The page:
Creating small measurable steps for propane market growth
According to the latest Wikipedia definition, a New Year’s Resolution is a promise that you make to yourself to start doing something good or stop doing something bad on the first day of the year. New Year’s resolutions date back to pre-Christian times with the Babylonians and Romans and have had religious and moral overtones. It is estimated that over 40% of Americans now make New Year’s resolutions on small measurable steps that can be as simple as lose weight, quit smoking, and volunteer to help others.
New Year’s resolutions can be an important part of the planning process for your propane business too. Resolutions are not meant to replace a business plan, an annual marketing plan, or your budget process, but resolutions can help you find your range and set the tone for those more formal planning processes.
Here are a few New Year’s resolutions for your propane business that can make a difference.
I Resolve to:
• Stop using the words “switch” and “switch out” in my advertising, as it applies to stealing customers from your propane competitors. There is nothing wrong with adding new customers to your base by taking customers from your weak performing propane competitors but using those words show a total lack of creativity and cheapen your growth efforts and our propane industry reputation. Your marketing and advertising should give compelling reasons why you are the best propane company with which to do business and consumers will respond. If you still feel you must strengthen your advertising close, try substituting “upgrade” for “switch out”.
• Start learning more about propane and my energy competitors. Attend the Propane Expo in Atlanta and other regional and state events that have a strong education component. Study the electricity, heating oil, biomass, and renewables markets in your area. These energy markets differ across the country. I find that energy websites, blogs, other social media, and my electric bill provide an abundant amount of useable energy information. Few propane marketers I talk with even know their own local electric rates, but they can tell me the per gallon price of propane for every competitor within 50 miles. That’s a good way to win small battles but lose the war.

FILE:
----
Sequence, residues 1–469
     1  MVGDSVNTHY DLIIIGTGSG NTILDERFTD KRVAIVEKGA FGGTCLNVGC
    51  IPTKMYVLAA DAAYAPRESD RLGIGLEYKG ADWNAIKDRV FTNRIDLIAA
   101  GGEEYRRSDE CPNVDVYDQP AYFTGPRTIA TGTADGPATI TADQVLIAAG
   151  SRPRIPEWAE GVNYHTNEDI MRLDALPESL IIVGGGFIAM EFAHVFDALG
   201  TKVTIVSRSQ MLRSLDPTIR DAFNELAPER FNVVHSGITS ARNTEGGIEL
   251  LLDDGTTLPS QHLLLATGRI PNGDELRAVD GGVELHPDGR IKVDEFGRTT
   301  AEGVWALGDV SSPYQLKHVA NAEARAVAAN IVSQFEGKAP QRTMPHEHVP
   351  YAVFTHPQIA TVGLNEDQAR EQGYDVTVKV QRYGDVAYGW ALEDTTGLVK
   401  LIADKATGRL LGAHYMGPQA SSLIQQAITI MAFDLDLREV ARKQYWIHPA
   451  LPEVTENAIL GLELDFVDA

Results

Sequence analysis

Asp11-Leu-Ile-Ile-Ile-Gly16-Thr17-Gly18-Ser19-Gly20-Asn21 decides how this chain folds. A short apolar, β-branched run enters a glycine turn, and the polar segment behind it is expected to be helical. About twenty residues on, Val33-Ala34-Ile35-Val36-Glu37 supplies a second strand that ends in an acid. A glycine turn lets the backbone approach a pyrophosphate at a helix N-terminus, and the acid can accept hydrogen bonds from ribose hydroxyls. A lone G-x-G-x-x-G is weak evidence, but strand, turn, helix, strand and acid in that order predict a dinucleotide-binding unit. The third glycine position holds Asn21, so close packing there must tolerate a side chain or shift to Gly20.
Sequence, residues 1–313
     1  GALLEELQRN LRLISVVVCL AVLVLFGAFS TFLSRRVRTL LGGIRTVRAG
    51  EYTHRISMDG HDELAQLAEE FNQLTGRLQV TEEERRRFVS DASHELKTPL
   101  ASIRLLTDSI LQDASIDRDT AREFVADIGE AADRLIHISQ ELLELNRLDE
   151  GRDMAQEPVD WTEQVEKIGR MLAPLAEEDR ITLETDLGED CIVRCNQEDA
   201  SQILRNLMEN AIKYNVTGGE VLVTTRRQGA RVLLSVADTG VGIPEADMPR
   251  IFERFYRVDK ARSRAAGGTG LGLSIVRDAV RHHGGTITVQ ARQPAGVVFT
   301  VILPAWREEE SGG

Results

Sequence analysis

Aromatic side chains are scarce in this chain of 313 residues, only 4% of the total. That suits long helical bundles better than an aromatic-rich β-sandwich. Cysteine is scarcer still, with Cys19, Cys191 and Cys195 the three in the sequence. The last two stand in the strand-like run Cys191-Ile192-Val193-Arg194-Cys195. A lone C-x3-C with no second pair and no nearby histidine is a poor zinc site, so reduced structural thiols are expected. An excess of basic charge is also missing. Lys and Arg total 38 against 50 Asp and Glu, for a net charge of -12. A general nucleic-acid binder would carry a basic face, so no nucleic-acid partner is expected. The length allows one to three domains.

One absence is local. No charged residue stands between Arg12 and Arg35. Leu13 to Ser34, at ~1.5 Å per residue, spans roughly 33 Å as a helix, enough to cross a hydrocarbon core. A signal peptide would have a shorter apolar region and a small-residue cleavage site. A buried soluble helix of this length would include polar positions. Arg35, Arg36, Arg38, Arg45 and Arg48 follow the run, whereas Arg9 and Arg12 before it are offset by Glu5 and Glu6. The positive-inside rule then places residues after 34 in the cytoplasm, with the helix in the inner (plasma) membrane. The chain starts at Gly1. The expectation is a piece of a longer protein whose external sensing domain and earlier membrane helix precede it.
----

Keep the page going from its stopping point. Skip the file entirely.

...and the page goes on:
• Provide more training for my employees. If you want to create a healthy team spirit at your company and have a safer and more successful propane business, keep your employees well-trained in their core areas of work and other aspects of the propane business. CETP or equivalent training, propane system installation and maintenance training, and appliance installation and service training offered by manufacturers or distributors are a few of the curriculum areas that can improve your employees’ skills, versatility, and overall worth to your company. Look to NPGA, your State or Regional propane gas association, and appliance and equipment manufacturers and distributers in your area for primary employee training opportunities.
• Add more burner tips to my residential and commercial customers. Your marketing plan strategy and tactics should include the addition of burner tips and resulting gallons to your current customer base. You can start with small steps like improving your data base on the propane usage of your residential and commercial customers. Every one of your customers has 5 primary opportunities for propane usage inside their homes or businesses. You should know what form of energy your customers use for space heating, water heating, cooking, clothes drying, and fireplaces. It is also helpful to know the age and condition of that equipment. Then you can work toward ways to increase the number of those usage points per customer. You can identify propane usage by customer and application in a variety of ways, including GAS Check, customer surveys, new customer check lists, and service orders. Also, consider joining the Residential and Commercial Market Growth Group, a newly formed working group of NPGA members that includes propane marketers, appliance manufacturers and distributors, and State Executives. This still evolving group’s efforts to increase residential and commercial gas load are also supported by PERC. Contact Randy Doyle at firstname.lastname@example.org or me for more details. Increasing the number of burner tips per customer will increase your gallon sales and the value and sustainability of your business.
Now is the time to think about what your New Year’s resolutions should be for your propane business. Hopefully you have been inspired by some of the above. You may be surprised at how much these small steps can positively influence your overall business strategy and formal planning process.
May you have a Merry Christmas, Happy Holidays, and a Prosperous New Year!